first_imgCharities have been rushing to close their defined benefit (DB) pension schemes to future accruals, with 58% of the largest charities now having done so, according to Hymans Robertson’s 2018 Charity Benchmarking Report.The UK consultancy analysed the DB pension exposures of the largest 40 charities by income in England and Wales. The sample included the Wellcome Trust, Church Commissioners for England, the British Heart Foundation and Oxfam.Alistair Russell-Smith, head of corporate DB at Hymans Robertson and author of the report, told IPE: “Typically, the pension scheme is a bigger issue for charities than companies in, say, the FTSE 350.“Around 85% of those companies can pay off their scheme deficit with six months of earnings, but the pension scheme tends to be a bigger burden than this for charities.” He said charities were facing big financial challenges, with contracts being run on ever tighter margins and fundraising under increasing pressure from new data protection rules.Charity portfolios had an average allocation to growth assets of 53%, according to the report.Russell-Smith said: “Some charities have been slower to de-risk than in the private sector, so have been hit hard by falls in yields over the past few years. This has made pension fund deficits in the sector more volatile.”He added: “It is better to take a moderate amount of investment risk than to shoot the lights out. Doing this in conjunction with hedging inflation and interest rate risks stabilises the pension position and reduces the chance of having to pay higher pension fund contributions further down the line.”The survey also found that the average charity paid around 3% of its net unrestricted income into its pension scheme. Russell-Smith said this percentage was not likely to fall.“But it does not have to go up either,” he continued. “It looks small, but charities understandably want to use their resources to fund their charitable activities. Those with local government contracts also need to spend money on servicing those contracts.”He said the most important priority was to maintain the security of regular deficit contributions, bearing in mind that charities could work to a slightly longer recovery plan than in the private sector.last_img read more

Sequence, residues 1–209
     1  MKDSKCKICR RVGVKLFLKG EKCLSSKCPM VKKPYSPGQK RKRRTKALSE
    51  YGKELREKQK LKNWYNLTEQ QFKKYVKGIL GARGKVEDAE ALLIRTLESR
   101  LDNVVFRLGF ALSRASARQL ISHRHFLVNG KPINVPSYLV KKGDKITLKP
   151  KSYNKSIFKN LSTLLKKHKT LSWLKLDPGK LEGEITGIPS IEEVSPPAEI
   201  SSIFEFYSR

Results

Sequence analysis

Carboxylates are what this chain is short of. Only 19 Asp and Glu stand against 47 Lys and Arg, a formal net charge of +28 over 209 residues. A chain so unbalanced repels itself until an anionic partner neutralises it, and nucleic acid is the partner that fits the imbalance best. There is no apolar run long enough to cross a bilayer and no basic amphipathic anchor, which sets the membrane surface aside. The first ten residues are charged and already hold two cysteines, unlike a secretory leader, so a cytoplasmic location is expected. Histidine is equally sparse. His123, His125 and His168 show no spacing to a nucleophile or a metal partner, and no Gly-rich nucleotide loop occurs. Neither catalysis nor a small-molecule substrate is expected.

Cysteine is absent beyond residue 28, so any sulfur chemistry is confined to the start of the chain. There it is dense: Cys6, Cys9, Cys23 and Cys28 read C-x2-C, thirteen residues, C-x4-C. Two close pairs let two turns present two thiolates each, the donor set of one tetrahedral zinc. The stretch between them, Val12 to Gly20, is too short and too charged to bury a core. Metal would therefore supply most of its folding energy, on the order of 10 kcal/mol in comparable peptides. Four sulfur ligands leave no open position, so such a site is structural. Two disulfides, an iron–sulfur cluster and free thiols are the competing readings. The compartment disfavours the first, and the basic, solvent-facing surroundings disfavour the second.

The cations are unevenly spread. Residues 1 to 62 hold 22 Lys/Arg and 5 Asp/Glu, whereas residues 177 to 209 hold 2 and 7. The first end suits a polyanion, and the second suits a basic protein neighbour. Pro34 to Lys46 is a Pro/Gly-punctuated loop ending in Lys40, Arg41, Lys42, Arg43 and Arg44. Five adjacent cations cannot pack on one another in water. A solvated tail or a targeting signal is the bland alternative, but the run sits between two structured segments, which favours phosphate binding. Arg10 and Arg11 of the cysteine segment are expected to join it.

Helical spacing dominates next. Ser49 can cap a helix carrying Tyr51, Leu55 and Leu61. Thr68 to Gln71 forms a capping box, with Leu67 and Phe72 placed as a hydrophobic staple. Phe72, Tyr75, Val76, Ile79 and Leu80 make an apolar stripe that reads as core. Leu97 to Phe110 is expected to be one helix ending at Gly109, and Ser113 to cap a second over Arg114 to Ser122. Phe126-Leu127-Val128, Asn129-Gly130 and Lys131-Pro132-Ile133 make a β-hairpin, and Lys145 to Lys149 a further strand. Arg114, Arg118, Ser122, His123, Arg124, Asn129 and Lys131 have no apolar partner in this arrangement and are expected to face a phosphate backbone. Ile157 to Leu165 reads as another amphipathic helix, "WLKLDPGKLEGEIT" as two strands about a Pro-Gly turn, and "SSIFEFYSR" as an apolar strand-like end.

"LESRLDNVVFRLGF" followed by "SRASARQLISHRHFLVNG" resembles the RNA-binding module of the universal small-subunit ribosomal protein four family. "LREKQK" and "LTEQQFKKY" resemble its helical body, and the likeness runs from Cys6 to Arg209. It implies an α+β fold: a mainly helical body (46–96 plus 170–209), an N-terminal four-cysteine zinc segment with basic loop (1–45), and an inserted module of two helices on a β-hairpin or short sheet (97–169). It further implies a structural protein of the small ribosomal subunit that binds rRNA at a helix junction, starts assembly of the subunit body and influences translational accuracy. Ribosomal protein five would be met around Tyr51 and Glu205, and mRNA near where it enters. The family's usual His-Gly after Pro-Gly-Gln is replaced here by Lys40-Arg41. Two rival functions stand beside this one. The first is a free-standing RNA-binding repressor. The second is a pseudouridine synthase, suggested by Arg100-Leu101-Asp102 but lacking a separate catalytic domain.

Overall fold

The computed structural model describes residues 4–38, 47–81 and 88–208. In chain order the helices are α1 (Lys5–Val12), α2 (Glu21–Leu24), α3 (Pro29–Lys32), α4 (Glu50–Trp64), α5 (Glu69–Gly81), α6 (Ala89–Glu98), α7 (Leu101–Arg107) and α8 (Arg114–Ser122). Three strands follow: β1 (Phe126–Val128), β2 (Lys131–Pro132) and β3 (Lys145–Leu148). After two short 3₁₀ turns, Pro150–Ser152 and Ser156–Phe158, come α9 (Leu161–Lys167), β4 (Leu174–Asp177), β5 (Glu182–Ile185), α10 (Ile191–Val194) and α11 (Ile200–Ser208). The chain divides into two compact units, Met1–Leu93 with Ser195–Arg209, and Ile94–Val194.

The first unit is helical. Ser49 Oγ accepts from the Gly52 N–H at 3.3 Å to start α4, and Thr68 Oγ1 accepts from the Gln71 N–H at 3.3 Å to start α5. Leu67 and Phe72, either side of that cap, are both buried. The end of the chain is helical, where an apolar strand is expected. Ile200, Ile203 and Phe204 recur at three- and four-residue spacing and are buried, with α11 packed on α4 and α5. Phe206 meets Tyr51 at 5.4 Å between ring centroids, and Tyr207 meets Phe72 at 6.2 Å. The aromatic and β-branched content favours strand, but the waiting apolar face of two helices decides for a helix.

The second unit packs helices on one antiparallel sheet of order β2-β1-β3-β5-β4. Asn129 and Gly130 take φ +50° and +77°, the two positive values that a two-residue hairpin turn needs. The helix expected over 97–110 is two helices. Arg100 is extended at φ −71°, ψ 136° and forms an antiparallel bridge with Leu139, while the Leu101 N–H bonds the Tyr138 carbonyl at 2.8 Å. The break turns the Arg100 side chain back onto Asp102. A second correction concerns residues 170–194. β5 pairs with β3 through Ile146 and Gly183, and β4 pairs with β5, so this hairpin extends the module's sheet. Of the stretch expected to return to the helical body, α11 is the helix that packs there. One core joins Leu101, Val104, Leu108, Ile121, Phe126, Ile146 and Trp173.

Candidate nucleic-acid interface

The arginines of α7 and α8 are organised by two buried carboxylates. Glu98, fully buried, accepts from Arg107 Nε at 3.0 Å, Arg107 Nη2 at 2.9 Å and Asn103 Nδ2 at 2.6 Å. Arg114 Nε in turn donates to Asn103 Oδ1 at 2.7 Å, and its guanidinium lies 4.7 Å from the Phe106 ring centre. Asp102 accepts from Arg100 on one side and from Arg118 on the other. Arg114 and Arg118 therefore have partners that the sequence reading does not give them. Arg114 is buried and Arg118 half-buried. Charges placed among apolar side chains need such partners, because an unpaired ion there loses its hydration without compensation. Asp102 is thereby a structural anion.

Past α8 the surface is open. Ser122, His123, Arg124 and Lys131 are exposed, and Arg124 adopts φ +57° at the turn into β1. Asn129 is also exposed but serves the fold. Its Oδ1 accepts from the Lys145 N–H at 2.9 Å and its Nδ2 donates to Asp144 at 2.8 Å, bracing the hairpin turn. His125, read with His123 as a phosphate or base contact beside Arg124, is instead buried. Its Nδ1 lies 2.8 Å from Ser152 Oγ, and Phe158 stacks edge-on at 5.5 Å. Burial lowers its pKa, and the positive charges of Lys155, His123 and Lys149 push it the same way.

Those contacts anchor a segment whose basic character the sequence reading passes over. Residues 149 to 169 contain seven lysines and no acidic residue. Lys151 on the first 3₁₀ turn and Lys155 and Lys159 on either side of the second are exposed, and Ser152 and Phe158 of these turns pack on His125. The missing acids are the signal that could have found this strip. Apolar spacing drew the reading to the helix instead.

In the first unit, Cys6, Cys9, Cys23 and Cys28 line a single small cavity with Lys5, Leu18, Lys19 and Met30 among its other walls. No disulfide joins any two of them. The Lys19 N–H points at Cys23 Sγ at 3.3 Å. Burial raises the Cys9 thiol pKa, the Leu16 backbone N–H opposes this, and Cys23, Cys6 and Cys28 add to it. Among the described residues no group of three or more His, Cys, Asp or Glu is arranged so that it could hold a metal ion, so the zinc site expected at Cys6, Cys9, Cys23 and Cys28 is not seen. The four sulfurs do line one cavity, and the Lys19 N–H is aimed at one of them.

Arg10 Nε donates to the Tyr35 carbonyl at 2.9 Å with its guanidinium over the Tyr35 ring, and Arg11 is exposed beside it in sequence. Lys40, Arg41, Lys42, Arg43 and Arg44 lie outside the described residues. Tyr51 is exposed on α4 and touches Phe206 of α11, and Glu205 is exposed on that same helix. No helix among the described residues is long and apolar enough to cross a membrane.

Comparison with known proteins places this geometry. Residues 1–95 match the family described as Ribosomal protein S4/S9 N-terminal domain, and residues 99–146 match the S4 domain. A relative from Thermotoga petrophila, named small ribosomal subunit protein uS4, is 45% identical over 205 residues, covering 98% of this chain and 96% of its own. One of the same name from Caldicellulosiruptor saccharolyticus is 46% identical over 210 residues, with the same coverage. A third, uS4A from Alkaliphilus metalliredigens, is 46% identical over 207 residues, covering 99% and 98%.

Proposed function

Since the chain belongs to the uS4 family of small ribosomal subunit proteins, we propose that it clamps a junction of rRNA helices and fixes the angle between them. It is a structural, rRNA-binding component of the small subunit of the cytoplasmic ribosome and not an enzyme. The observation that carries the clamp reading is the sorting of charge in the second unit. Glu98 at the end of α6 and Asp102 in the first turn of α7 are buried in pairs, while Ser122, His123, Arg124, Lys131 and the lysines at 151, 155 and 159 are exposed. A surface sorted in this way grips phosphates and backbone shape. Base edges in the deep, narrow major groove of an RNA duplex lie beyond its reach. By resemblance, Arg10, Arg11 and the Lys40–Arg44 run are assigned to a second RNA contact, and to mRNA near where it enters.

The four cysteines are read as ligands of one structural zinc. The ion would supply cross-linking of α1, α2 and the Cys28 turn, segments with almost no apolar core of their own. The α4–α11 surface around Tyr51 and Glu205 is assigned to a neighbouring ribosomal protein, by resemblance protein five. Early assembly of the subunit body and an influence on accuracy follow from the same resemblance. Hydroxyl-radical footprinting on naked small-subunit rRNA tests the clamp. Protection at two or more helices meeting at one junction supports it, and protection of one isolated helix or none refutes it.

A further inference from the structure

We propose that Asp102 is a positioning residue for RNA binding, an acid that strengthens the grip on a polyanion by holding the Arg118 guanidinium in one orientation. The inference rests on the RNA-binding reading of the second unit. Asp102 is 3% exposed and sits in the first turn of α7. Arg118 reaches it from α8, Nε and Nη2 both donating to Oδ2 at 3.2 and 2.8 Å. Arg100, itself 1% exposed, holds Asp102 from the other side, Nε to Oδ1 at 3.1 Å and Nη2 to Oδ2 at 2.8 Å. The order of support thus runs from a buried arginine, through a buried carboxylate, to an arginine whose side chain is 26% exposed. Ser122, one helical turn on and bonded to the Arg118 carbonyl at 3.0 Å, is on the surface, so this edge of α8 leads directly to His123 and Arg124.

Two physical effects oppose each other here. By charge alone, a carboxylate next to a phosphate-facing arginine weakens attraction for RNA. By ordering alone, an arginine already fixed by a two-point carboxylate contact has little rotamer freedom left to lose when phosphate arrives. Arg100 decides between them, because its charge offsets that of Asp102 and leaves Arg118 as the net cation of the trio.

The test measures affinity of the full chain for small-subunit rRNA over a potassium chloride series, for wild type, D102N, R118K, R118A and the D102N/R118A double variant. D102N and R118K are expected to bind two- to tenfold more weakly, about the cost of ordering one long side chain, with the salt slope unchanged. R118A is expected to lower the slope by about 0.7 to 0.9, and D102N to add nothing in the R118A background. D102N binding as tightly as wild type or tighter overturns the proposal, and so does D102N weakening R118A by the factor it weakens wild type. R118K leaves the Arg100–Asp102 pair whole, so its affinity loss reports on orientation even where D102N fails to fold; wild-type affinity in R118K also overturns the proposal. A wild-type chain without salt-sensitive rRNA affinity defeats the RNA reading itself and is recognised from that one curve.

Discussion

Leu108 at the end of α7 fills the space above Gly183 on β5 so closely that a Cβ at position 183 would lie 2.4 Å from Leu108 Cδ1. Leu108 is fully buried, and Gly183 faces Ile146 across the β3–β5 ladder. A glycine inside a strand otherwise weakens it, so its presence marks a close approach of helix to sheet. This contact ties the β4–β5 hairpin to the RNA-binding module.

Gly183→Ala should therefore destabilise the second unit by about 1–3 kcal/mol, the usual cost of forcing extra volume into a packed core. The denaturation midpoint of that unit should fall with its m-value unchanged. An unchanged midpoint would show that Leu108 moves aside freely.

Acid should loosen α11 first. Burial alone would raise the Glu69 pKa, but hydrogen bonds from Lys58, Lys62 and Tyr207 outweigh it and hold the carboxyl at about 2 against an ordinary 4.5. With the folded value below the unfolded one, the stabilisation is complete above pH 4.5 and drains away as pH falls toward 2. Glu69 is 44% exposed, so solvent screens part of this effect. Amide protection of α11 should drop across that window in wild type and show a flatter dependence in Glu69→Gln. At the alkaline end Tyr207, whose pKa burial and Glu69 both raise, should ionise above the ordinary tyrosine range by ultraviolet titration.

DEME Places Saint-Nazaire Drill Order with Herrenknecht

first_imgThe XL-monopile foundations have to be installed on a difficult rocky seabed, according to DEME. This is the first wind farm in the world to use drilled XL-monopile foundations, DEME said. In 2019, a consortium including DEME Offshore and Eiffage Métal was awarded the EPCI contract for 80 foundations for the French wind farm. The scope includes the design, fabrication, transportation and installation of the steel foundations. DEME Offshore and Herrenknecht have signed an agreement for the fabrication of a subsea drill to be deployed at the Saint-Nazaire offshore wind farm in France. The 480MW Saint-Nazaire offshore wind farm, owned by EDF Renewables and Enbridge, will be located between 12 and 20 kilometres off the coast of the Guérande peninsula in western France. “Installing drilled XL-monopiles is a new step forward in the offshore wind industry,” said Bart De Poorter, General Manager DEME Offshore. DEME Offshore and Herrenknecht are fabricating a tailormade subsea drill specifically for the project. The subsea drill will be deployed from DEME Offshore’s installation vessel Innovation. “We are proud, that DEME relies on Herrenknecht’s solution, expertise and know-how in the field of excavation technology. The project teams of DEME and Herrenknecht cooperated very well, now we all are looking forward to project realisation.” “The Offshore Foundation Drilling (OFD) enables mechanised installation of monopiles, thus providing ecological and economic advantages compared to conventional methods,” said Ulrich Schaffhauser, Member of the Board of Management of Herrenknecht AG.last_img read more